[10] The trial court scheduled a hearing on May 14, 2014, to hear Mother's petition and Father's motion to dismiss. At the commencement of the hearing, Parents informed the court that they had reached a partial agreement, which was recited in open court. Mother's counsel expressed that Father was no longer relocating to Evansville; however, Parents had agreed that Father would exercise eight overnights per month during the school year but not for more than four consecutive days at a time. As for the four-day rule, Mother's counsel stated it would not apply to Father's parenting time over spring break or Christmas break. It was stated that Mother was withdrawing her request to modify the child support, and costs of the extracurricular activities. Parents also agreed that during Father's visits in Evansville, Father would maintain the Children's extracurricular activities, including scouting, tennis, archery, karate, and S.S. service in Church. Lastly, Mother's counsel stated that Parents settled that the Children's scheduled activities would be posted on Google calendar and that Parents would keep each other informed about the Children's major life events, incidents, or accidents.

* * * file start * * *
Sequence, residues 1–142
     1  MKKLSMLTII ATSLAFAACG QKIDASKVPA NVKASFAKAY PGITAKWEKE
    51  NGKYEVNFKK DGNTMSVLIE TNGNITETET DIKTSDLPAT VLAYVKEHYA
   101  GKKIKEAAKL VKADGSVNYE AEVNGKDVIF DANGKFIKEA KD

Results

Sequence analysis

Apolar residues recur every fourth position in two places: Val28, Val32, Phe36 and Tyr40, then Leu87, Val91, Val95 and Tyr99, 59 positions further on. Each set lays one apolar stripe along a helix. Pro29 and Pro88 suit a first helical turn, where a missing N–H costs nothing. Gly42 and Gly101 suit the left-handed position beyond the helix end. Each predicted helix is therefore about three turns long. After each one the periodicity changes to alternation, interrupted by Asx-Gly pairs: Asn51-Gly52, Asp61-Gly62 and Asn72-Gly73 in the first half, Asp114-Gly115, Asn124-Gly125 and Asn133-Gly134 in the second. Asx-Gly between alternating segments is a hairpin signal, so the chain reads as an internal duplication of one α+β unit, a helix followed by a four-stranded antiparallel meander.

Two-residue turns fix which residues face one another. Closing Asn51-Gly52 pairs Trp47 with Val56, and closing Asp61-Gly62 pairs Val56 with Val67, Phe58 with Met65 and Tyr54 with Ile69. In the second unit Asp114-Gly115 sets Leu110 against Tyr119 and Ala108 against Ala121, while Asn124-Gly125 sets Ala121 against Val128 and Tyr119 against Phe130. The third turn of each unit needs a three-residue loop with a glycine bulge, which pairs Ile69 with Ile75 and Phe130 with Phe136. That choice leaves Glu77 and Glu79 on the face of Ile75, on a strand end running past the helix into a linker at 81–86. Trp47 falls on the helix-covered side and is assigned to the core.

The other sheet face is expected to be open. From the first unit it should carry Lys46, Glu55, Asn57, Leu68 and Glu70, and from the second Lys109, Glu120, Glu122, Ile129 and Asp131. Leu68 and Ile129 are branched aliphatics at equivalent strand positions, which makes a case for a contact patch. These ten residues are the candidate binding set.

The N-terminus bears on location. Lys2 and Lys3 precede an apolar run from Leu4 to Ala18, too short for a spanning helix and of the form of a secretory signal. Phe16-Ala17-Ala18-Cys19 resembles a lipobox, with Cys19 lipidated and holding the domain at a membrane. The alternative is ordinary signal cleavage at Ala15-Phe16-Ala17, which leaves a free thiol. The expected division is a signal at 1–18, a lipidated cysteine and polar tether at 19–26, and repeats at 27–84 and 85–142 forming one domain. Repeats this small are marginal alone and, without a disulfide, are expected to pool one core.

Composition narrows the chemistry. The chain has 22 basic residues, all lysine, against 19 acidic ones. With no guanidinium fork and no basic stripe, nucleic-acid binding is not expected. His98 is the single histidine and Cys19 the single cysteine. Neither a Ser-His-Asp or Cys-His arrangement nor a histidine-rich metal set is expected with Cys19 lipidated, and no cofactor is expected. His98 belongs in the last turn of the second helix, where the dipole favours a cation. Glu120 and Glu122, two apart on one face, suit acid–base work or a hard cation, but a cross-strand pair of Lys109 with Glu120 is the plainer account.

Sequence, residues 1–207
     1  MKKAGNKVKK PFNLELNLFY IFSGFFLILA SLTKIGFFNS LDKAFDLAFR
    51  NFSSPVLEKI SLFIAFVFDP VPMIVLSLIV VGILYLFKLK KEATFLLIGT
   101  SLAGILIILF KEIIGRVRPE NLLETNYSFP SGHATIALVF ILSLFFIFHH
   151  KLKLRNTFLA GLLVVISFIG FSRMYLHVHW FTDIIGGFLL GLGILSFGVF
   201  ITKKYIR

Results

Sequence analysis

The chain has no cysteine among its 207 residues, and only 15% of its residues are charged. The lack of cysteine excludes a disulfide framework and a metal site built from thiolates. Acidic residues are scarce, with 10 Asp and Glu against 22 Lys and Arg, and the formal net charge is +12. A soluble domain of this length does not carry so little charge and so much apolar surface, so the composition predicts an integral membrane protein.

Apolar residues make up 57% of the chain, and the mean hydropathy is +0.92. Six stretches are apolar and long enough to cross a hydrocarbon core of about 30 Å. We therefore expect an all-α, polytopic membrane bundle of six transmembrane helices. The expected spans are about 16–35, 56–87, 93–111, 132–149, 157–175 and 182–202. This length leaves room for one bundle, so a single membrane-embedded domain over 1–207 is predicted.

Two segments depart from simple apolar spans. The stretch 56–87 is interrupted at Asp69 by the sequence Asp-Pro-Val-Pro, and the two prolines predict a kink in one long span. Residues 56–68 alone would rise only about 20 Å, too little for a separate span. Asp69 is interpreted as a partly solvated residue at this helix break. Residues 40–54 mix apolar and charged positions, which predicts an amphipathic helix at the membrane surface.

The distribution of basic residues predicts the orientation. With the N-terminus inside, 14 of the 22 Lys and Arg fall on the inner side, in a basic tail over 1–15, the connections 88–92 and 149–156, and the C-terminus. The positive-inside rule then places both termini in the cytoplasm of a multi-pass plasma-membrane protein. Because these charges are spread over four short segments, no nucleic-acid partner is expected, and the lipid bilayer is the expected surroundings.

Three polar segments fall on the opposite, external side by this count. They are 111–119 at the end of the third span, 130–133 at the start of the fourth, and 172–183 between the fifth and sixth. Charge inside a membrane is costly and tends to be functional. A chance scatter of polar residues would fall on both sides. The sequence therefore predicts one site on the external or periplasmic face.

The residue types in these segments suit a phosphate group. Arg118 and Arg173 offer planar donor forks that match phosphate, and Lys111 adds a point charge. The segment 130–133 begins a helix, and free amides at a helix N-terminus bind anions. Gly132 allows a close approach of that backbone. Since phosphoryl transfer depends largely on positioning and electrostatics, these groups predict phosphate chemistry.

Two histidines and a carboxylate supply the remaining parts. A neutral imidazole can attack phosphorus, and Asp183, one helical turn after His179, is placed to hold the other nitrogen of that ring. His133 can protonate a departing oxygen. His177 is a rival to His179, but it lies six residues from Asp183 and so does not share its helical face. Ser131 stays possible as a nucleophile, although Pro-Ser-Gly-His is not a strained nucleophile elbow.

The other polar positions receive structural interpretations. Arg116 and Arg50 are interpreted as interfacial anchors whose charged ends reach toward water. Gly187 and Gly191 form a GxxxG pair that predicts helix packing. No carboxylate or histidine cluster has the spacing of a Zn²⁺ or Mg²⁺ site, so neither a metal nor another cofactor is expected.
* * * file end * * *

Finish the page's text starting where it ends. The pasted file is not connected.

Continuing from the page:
[11] A summary hearing on all pending issues ensued. The most important issue on appeal is Father's extra week of summer parenting time. According to the December 27, 2013 Agreement, Parents agreed that summer parenting time will be in accordance with the Guidelines with one exception: Father was entitled to an extra week of parenting time during the summer of each year. Mother posited that because Father would be exercising all the parenting time as per the Guidelines—alternating weekends and mid-week overnights—Father should not be entitled to the extra week of parenting time in the summer. Father's counsel argued that distance being a factor, he should continue to have his extra week of parenting time in the summer. In addition, Father wished to exercise his parenting time in one consecutive block whereas Mother wished that it be split in several blocks.

[12] In determining whether Father would continue to have his extended parenting time in the summer, the trial court resolved that “there won't be that bonus extra week because [Father] is getting his eight days during the summer ... or, during the month.” (Tr. p. 42). In addition, the trial court's Order modifying custody stated that: